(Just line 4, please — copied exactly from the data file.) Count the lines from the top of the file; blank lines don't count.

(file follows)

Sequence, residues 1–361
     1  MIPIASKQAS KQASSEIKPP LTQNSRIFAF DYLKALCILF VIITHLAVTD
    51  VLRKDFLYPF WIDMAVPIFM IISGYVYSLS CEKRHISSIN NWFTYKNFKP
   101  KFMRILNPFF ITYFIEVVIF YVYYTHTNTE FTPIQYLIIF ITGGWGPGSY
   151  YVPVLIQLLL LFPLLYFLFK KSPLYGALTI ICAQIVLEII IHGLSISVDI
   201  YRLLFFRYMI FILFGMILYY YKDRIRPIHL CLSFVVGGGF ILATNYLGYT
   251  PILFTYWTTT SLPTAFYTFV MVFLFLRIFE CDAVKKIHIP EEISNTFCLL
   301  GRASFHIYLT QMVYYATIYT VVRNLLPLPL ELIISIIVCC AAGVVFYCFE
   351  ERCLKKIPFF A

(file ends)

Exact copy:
   101  KFMRILNPFF ITYFIEVVIF YVYYTHTNTE FTPIQYLIIF ITGGWGPGSY